France, August 24, 1944

I didn’t see my grandfather’s letters to my grandmother until the morning I was to fly back to Atlanta, GA. I quickly copied a few of them to bring back with me, but I don’t have many. Here is the first in the sequence of letters I was able to copy. I’m headed back to Dallas this weekend for a brief stay, and will hopefully be able to bring back more. The letter is difficult to read. I’ve typed it out below:

Dearest Virginia:

Honey I guess you had better send me some paper to write on as I’m nearly out and I don’t know how soon it will be before I can get some over here.  I’d like some more like this, at least no any longer than this for I can get it in my letter case without folding.

My tent is pitched under a large apple tree that’s just loaded with the greenest sourest apples I’ve ever tasted. Next to it is a large English walnut tree with more walnuts on it than I believe I’ve seen in my whole life, of course they’re green too. I have no desire to stay here until the fruit ripens but the abundant yield of these trees is certainly worth noting.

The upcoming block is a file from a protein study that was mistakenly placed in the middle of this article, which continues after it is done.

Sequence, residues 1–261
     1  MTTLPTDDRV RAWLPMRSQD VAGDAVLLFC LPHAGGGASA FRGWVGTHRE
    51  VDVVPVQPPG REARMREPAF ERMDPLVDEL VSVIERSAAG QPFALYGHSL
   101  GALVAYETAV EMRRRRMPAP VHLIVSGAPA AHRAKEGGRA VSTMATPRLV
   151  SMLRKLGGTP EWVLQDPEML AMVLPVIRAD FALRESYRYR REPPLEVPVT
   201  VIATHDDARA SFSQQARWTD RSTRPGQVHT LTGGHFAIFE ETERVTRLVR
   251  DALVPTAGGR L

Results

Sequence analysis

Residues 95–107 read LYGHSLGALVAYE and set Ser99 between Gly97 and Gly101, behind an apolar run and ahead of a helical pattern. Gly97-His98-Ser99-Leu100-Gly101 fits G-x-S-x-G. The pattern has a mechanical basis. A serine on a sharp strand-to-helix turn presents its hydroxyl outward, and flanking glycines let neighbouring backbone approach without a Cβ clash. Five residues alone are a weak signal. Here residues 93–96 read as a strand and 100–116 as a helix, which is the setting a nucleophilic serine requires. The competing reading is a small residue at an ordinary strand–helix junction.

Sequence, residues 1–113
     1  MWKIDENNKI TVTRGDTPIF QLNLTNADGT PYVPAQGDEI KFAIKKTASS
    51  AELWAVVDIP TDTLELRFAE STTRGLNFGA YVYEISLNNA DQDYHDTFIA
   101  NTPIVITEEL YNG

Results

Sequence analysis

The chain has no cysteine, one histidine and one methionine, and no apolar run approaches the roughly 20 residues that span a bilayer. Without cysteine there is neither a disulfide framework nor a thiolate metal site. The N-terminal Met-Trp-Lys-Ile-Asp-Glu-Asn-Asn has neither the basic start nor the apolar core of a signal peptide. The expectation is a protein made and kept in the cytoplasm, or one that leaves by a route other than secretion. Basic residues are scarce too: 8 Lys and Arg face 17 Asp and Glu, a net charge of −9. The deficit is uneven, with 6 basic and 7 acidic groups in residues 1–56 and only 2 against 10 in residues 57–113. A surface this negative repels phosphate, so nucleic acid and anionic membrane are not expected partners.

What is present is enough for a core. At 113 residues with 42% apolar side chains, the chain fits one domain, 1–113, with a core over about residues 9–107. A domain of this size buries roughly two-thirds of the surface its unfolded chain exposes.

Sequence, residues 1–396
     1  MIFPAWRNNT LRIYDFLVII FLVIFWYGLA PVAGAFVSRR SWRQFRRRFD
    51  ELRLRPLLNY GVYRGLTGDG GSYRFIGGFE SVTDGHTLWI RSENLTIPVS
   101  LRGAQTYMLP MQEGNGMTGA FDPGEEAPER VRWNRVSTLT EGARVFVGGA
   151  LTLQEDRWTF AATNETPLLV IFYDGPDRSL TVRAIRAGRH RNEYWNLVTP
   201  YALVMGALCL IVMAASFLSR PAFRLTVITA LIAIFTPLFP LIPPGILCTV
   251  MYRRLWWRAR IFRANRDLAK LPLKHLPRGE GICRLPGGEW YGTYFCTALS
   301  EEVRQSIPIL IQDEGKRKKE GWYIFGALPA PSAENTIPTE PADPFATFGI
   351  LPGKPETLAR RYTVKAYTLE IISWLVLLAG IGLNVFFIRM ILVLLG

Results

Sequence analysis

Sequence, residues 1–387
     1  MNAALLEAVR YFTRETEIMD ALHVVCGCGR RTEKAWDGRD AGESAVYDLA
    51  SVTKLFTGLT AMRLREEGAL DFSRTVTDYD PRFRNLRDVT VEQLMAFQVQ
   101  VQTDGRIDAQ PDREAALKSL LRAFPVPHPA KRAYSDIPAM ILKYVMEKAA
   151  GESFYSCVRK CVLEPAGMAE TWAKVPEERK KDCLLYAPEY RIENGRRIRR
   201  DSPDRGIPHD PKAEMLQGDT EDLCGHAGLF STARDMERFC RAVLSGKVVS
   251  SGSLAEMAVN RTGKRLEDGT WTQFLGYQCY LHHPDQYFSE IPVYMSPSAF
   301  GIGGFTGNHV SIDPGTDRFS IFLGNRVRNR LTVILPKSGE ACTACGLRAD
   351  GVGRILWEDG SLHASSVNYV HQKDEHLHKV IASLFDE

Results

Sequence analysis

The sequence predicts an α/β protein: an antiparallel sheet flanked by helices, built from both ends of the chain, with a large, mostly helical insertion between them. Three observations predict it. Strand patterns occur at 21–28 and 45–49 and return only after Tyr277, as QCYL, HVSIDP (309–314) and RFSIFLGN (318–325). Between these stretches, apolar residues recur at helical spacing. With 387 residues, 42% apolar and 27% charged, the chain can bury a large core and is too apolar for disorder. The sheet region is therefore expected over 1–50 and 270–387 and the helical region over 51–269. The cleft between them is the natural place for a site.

readers digest
I’ve ordered a copy of ‘Heyday of a Wizard’ and the Reader’s Digest magazine mentioned, thinking it would be interesting to read the article referenced.

I’m glad to hear that your table trick finally worked even if you weren’t in on it.  You had better go easy though for some mighty spooky things can be done with furniture.  I suggest that you read ‘Heyday of a Wizard‘ by Jean Burton. I read the short review which appeared in the July issue Reader’s Digest and thought at the time you would be glad to read it too for it names some mighty important people who have seen even stronger things hap end with furniture at the hands of the so called wizard. Daniel Home. You can now recommend it to the skeptics who have had a lot of fun teasing you about it.

Dag nap it. Honey it’s getting dark again. I only have about 30 minutes of day light of my own time. Naturally we don’t dare have lights in out tents and the places where we work are much too crowded by the men on duty at night to permit any letter writing there.  Those places are of course properly blacked out.  Maybe soon my shift will be cut down about four hours and then I’ll have more time to write.

I love you very, very, very much so do take good care of you for me.

With all my love,